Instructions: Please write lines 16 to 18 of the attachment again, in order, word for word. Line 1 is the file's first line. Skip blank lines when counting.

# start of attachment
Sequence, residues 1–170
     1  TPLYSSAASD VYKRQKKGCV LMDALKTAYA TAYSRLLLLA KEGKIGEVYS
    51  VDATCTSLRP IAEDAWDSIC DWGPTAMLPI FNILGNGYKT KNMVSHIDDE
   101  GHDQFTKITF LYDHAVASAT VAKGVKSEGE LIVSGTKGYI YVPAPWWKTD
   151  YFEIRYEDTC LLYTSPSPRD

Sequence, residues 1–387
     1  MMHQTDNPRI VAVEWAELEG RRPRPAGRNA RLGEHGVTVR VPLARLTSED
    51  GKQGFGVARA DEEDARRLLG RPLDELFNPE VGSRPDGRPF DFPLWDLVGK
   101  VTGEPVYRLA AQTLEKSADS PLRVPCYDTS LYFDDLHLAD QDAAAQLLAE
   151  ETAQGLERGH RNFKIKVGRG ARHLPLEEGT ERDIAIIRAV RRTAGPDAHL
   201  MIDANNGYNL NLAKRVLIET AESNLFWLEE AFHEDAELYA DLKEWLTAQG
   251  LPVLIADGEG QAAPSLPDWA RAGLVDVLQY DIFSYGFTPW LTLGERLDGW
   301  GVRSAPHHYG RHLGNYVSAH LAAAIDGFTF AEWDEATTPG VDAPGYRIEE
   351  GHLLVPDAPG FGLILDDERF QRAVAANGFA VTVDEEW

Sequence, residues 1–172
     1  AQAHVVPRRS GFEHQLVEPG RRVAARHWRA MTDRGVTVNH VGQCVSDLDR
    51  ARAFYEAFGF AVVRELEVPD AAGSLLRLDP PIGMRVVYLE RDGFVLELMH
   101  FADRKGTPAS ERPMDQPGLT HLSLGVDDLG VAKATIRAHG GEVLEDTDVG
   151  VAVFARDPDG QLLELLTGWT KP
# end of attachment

     1  AQAHVVPRRS GFEHQLVEPG RRVAARHWRA MTDRGVTVNH VGQCVSDLDR
    51  ARAFYEAFGF AVVRELEVPD AAGSLLRLDP PIGMRVVYLE RDGFVLELMH
   101  FADRKGTPAS ERPMDQPGLT HLSLGVDDLG VAKATIRAHG GEVLEDTDVG